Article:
oodside Elementary School District Superintendent Beth Polito and second-grade teacher Brian Myrtetus will be in Washington, D.C., this week to accept a National Blue Ribbon School award for their school. While it is not the first such award for Woodside, the last time it received the Blue Ribbon honor was 1993, Ms. Polito said. Woodside is one of 27 schools in California and 257 public and 50 private schools in the country to be named a National Blue Ribbon School by the U.S. Department of Education this year. Other Midpeninsula schools honored this year include North Star Academy in Redwood City and Oak Avenue Elementary School in Los Altos. To be eligible for the award, schools must be in at least the top 15 percent in the state on state assessments of reading and mathematics, with results for students from disadvantaged backgrounds similar to the results for all students.

Paul Morrison Wythes Paul Morrison Wythes was born on June 23, 1933 in Camden, New Jersey, to Marion and William Wythes. He was the youngest of three boys, all of whom were raised in Haddonfield, New Jersey. Paul graduated from Haddonfield Memorial High School in 1951 and matriculated to Princeton University that fall. He graduated from Princeton in 1955 with a degree in Mechanical Engineering. Following graduation, he entered the Navy where he served as a Lieutenant Junior Grade in the Navy Supply Corps stationed at Clarksville Base in Tennessee. Following two years in the Navy, Paul graduated from Stanford Business School in 1959 and took a job in San Francisco with Minneapolis Honeywell. While living in San Francisco, Paul met Marcia Reed and the two were married in 1961 in Honolulu, Hawaii. They spent several years in San Francisco before moving to Fullerton, California where Paul took a job with Beckman Instruments. While in Fullerton, their first child Jennifer was born in 1964. That same year Paul was offered the opportunity to start a venture capital firm in Palo Alto, California. Sutter Hill Ventures would become one of Silicon Valley’s first venture capital firms. Their second child, Paul Jr. was born in 1967 and their third child Linda was born in 1970. Paul spent the next 48 years in venture capital with Sutter Hill Ventures, leading investments in a number of companies, including Tellabs, Xidex, Linear Technology, Qume and Ameri-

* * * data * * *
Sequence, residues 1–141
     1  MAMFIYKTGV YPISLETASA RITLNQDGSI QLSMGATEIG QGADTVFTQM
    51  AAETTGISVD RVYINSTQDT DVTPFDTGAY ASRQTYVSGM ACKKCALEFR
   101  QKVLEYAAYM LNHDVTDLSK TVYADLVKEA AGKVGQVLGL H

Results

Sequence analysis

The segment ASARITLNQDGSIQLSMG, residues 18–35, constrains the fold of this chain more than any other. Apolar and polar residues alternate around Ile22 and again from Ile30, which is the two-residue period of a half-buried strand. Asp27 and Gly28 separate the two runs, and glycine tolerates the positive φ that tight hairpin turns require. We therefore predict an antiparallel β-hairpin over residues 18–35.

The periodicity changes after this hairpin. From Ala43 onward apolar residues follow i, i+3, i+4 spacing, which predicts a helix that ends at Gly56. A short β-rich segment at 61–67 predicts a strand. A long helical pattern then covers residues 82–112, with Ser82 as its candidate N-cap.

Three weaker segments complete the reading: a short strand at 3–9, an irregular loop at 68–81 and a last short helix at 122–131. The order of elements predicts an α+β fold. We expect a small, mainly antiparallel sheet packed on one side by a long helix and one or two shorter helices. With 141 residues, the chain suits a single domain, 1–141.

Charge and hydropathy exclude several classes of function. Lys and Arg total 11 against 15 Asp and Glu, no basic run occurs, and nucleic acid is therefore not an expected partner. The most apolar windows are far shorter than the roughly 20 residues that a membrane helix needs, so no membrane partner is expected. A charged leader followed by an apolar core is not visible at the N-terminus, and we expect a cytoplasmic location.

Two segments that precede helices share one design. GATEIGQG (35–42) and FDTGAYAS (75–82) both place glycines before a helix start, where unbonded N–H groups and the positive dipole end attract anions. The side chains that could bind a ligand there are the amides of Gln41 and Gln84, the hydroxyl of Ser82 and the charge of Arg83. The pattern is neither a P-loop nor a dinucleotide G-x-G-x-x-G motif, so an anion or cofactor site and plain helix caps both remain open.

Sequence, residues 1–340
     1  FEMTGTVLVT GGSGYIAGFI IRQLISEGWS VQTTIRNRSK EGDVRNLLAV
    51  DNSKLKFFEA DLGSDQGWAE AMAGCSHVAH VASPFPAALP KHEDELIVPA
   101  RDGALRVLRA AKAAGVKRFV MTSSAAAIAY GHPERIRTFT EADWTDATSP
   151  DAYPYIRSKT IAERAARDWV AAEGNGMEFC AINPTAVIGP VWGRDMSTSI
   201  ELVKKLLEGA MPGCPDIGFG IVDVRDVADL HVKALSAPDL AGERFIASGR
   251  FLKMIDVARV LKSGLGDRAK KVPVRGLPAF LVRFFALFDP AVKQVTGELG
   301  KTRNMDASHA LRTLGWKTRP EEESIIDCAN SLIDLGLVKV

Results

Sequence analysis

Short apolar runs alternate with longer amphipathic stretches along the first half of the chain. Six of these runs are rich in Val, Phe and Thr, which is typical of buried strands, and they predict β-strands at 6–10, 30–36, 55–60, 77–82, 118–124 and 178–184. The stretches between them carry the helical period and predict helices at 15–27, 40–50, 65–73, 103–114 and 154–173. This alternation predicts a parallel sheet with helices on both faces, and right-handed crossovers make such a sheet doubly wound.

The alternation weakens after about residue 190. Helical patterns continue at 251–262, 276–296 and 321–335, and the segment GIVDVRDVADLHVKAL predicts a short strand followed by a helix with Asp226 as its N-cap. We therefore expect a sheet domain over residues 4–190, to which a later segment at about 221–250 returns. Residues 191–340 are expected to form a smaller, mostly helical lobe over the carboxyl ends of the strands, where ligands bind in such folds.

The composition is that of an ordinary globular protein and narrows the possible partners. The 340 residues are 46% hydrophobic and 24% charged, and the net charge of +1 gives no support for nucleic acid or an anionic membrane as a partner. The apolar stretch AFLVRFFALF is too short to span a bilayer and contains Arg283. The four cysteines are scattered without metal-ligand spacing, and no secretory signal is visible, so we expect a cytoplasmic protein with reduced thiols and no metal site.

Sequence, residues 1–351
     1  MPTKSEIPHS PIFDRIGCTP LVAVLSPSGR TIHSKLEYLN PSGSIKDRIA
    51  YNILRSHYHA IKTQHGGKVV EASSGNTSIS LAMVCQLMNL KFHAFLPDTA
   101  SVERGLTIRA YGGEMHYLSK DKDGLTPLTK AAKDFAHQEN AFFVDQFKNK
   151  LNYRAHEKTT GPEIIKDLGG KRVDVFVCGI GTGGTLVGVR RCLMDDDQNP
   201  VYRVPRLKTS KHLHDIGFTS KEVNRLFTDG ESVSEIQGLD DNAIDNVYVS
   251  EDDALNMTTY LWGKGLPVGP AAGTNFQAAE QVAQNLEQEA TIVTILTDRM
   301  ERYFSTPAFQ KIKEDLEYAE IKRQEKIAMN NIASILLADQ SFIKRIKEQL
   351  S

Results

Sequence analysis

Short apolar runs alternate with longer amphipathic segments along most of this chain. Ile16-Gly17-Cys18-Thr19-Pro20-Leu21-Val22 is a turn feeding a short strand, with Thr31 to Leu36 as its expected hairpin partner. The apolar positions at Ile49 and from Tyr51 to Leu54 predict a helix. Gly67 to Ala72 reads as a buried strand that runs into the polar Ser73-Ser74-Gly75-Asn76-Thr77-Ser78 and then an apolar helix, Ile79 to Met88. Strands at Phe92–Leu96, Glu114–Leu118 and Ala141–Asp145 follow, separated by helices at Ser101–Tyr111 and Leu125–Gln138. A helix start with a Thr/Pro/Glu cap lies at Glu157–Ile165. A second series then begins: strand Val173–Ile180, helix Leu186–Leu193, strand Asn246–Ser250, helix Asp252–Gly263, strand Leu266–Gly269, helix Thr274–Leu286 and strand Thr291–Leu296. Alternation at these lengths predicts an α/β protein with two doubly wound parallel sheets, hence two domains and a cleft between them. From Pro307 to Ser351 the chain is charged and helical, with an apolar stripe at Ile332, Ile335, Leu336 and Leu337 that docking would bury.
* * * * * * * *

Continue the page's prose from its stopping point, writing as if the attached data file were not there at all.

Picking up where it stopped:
Group. In addition to his venture capital work, Paul served on the Board of Trustees at Princeton University for 14 years, culminating as ViceChairman of the Board. Paul won the National Venture Capital Association’s Lifetime Achievement Award, the U.S. Naval Supply Corps Distinguished Alumnus Award and accepted the Dow Jones Equity Hall of Fame Award given to Sutter Hill as the Outstanding Venture Capital Firm for 2006. He was president and director of the Western Association of Venture Capitalists, spent 12 years as an Overseer Board member of the Hoover Institution at Stanford and a 22-year board member of the T. Rowe Price Mutual Fund Complex in Baltimore, Maryland. Paul was also a board member of the California Academy of Sciences in San Francisco. In his spare time, Paul was an avid baseball fan and served as a minority owner of the San Francisco Giants baseball organization. He enjoyed playing golf and spent his retirement traveling the world with Marcia. Paul is survived by his wife, his three children, daughter-in-law Mai Mai Wythes, son-in-law John Knoll, and eight grandchildren, Maggie, Reed and Whit Vettel, Alexandra and Thomas Wythes and Henry, Charlie and Ellie Knoll. A memorial service will be held at The Menlo Park Presbyterian Church on November 13, 2012 at 3pm. Donations may be made to Eastside College Preparatory School, 1041 Myrtle Street, East Palo Alto, CA 94303.

‘The vision of Woodside School is Woodside children are the town’s greatest treasure.’ (129 points, 192 and 190 points respectively) in performance on the STAR exam between 2010 and 2011, the application says. Woodside School is also proud of its place in the community, according to the application. “The vision of Woodside School is Woodside children are the town’s greatest treasure,” it says. “Educating and nurturing them is our contribution to the future.” The school’s stated mission is, in part, to provide “a nurturing yet challenging school environment consistent with Woodsideís cohesive, small